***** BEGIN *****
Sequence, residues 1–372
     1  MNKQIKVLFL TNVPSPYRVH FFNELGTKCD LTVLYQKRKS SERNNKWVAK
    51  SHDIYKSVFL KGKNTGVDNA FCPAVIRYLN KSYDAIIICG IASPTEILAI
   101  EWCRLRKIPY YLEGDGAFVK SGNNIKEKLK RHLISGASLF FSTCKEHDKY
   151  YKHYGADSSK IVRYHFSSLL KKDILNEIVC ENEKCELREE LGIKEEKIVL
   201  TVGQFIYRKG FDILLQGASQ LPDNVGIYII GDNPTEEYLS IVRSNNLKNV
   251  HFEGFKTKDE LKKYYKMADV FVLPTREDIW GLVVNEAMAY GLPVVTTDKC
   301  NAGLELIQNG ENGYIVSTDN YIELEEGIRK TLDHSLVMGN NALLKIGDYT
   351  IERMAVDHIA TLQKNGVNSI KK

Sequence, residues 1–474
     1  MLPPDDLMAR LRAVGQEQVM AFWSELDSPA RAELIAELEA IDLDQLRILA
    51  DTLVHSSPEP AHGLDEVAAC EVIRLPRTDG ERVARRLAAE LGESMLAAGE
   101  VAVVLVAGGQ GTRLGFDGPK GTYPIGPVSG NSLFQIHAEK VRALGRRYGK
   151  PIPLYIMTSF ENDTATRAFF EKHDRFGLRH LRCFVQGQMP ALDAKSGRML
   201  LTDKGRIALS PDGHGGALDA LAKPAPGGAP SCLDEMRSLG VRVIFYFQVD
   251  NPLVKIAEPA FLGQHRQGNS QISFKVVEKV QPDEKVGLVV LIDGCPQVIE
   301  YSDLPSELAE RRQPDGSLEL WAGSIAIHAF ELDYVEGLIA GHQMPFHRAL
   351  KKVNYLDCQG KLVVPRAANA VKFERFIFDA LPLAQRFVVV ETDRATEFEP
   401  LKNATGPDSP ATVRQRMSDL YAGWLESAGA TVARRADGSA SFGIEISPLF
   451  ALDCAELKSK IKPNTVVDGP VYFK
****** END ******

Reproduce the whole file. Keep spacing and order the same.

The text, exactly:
Sequence, residues 1–372
     1  MNKQIKVLFL TNVPSPYRVH FFNELGTKCD LTVLYQKRKS SERNNKWVAK
    51  SHDIYKSVFL KGKNTGVDNA FCPAVIRYLN KSYDAIIICG IASPTEILAI
   101  EWCRLRKIPY YLEGDGAFVK SGNNIKEKLK RHLISGASLF FSTCKEHDKY
   151  YKHYGADSSK IVRYHFSSLL KKDILNEIVC ENEKCELREE LGIKEEKIVL
   201  TVGQFIYRKG FDILLQGASQ LPDNVGIYII GDNPTEEYLS IVRSNNLKNV
   251  HFEGFKTKDE LKKYYKMADV FVLPTREDIW GLVVNEAMAY GLPVVTTDKC
   301  NAGLELIQNG ENGYIVSTDN YIELEEGIRK TLDHSLVMGN NALLKIGDYT
   351  IERMAVDHIA TLQKNGVNSI KK

Sequence, residues 1–474
     1  MLPPDDLMAR LRAVGQEQVM AFWSELDSPA RAELIAELEA IDLDQLRILA
    51  DTLVHSSPEP AHGLDEVAAC EVIRLPRTDG ERVARRLAAE LGESMLAAGE
   101  VAVVLVAGGQ GTRLGFDGPK GTYPIGPVSG NSLFQIHAEK VRALGRRYGK
   151  PIPLYIMTSF ENDTATRAFF EKHDRFGLRH LRCFVQGQMP ALDAKSGRML
   201  LTDKGRIALS PDGHGGALDA LAKPAPGGAP SCLDEMRSLG VRVIFYFQVD
   251  NPLVKIAEPA FLGQHRQGNS QISFKVVEKV QPDEKVGLVV LIDGCPQVIE
   301  YSDLPSELAE RRQPDGSLEL WAGSIAIHAF ELDYVEGLIA GHQMPFHRAL
   351  KKVNYLDCQG KLVVPRAANA VKFERFIFDA LPLAQRFVVV ETDRATEFEP
   401  LKNATGPDSP ATVRQRMSDL YAGWLESAGA TVARRADGSA SFGIEISPLF
   451  ALDCAELKSK IKPNTVVDGP VYFK